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Solidarity With Wet'suwet'en rally held at city hall (3 photos)

'We have to think seven generations ahead. Anyone who thinks this is a west coast issue needs to learn their waterways'

A unifying rally was held at Barrie City Hall Saturday to show support for the Wet’suwet’en Nation in British Columbia over the approved $6.6-billion, 670-kilometre pipeline that will run through their land.

The Solidarity with Wet’suwet’en event included approximately 50 supporters who came with signs and flags in the cold weather to say they stood with the First Nations band.

Several people have been arrested in northern B.C. as demonstrations and protests have flared up regarding the proposed pipeline that will run through Wet’suwet’en Nation land. The RCMP began removing people over the last few days to enforce a court injunction against the Wet’suwet’en First Nation’s hereditary chiefs and anyone who tries to halt the pipeline.

Solidarity With Wet'suwet'en organizer Brandon Rheal Amyot said that today was to send a message that Canada needs to uphold Indigenous rights.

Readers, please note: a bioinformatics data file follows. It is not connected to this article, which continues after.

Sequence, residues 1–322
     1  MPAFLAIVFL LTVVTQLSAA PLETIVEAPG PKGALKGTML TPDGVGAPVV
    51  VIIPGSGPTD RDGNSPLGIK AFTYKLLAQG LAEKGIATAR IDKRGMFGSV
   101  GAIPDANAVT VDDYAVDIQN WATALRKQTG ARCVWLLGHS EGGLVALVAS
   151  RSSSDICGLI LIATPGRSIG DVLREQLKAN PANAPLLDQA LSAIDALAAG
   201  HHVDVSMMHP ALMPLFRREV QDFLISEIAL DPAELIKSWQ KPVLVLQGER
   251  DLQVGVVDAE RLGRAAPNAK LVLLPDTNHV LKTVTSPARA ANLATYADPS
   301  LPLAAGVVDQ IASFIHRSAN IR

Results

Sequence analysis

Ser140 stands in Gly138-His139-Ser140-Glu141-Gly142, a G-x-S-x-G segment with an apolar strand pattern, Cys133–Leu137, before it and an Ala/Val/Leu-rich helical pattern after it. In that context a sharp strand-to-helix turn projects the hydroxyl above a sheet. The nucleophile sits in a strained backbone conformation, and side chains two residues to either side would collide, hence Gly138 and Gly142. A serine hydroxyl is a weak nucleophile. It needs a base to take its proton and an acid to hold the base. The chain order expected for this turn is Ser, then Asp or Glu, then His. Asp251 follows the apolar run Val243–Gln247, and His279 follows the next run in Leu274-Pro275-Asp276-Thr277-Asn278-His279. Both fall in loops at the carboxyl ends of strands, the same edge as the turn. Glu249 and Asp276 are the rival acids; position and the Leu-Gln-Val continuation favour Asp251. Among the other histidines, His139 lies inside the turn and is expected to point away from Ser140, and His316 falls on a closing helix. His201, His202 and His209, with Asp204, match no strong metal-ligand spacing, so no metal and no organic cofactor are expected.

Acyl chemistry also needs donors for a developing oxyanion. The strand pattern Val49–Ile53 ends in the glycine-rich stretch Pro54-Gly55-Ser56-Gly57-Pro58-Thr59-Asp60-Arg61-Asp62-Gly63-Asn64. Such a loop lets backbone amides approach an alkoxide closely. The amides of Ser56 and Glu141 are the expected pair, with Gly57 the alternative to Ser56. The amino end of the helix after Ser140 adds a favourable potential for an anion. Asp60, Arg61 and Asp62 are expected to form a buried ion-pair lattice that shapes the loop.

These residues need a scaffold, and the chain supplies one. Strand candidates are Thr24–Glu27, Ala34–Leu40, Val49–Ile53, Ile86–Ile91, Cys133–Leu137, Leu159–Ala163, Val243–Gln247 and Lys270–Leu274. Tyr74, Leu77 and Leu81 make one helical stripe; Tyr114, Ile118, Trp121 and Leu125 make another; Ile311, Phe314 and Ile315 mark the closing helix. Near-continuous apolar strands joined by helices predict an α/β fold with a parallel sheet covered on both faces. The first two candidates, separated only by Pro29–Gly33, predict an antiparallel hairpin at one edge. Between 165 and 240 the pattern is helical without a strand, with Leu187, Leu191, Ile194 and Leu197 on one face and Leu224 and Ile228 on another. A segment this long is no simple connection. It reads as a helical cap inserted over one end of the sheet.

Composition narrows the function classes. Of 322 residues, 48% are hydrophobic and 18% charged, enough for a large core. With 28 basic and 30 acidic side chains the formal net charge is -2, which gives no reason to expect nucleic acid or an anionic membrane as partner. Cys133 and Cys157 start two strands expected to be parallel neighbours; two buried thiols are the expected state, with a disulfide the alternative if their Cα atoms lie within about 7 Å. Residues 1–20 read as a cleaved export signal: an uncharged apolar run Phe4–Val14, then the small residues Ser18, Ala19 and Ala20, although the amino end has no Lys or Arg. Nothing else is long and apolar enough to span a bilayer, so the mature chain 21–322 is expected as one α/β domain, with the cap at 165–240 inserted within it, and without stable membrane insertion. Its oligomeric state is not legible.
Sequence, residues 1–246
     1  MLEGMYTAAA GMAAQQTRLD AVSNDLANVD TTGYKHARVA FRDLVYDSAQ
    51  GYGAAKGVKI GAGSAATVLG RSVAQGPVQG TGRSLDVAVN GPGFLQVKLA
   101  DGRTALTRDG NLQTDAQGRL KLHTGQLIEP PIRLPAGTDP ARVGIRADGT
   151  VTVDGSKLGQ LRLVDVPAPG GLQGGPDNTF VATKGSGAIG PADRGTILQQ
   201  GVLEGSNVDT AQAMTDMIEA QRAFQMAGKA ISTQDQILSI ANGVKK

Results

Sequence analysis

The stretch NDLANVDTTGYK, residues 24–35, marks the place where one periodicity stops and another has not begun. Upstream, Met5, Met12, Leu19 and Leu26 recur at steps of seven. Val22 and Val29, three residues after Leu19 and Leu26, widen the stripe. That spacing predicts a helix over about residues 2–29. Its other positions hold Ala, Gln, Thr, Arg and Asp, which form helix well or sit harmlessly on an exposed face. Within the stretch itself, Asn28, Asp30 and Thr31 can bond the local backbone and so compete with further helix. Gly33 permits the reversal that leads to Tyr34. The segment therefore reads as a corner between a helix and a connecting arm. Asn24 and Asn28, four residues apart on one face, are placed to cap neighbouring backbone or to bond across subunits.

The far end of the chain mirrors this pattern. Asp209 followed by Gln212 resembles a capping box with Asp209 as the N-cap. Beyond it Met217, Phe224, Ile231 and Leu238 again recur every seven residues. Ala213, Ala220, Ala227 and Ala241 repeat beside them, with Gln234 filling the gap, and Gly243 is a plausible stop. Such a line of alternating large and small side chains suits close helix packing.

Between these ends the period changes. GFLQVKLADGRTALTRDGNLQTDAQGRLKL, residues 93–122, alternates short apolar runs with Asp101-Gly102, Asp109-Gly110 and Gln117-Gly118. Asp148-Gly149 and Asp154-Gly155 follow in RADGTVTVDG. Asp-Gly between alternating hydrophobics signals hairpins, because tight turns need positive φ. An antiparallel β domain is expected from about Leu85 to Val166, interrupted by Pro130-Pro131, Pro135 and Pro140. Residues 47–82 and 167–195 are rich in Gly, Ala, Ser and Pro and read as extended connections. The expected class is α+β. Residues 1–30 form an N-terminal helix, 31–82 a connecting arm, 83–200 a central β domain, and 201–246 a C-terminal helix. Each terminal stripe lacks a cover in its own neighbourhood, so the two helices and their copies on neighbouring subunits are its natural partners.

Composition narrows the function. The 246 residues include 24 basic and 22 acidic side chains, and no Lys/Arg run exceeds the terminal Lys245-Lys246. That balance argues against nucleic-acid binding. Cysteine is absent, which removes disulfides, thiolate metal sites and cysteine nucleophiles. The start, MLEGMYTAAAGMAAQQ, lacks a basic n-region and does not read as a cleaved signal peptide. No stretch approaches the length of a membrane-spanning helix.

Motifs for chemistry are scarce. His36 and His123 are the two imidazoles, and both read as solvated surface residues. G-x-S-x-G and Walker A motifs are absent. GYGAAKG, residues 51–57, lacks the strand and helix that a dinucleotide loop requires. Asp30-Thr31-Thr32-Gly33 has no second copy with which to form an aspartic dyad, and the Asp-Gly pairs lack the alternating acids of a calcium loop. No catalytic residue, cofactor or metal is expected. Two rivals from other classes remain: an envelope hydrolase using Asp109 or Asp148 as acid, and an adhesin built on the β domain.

“We stand against the actions of the RCMP who is violently making their way into territories that are unceded,” said Amyot. “We’re here today show solidarity with the Wet'suwet'en Nation in what we call British Columbia.”

Amyot said that it was also very important for people outside of Wet'suwet'en Nation to stand up because the media in that area are being denied the right to report, and cited

“We saw from the Canadian Association of Journalists that media are being prohibited from entering further into the territory to do investigative journalism and report on what is happening on the ground.”

“There is a lack of information with the non-Indigenous populous in Canada so by holding these events we can raise awareness.’

Sarah Cunnigham (Rama First Nations) stood on Collier Street, in front of city hall, with signs of support. She told BarrieToday why it was important to be at the solidarity rally, even if Wet’suwet’en Nation is 4,000 kilometres away.

“It’s the water, it’s the land, it’s going to affect us all in our future generations,” said Cunningham. “We have to think seven generations ahead. Anyone who thinks this is a west coast issue needs to learn their waterways.”